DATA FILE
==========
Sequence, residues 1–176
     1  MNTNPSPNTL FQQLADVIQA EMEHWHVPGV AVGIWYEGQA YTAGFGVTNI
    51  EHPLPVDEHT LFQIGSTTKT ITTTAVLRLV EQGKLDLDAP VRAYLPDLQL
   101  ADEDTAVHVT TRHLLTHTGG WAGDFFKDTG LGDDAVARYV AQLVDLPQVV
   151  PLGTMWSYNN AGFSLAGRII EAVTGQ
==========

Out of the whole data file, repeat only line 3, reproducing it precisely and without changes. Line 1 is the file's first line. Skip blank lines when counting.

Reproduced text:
    51  EHPLPVDEHT LFQIGSTTKT ITTTAVLRLV EQGKLDLDAP VRAYLPDLQL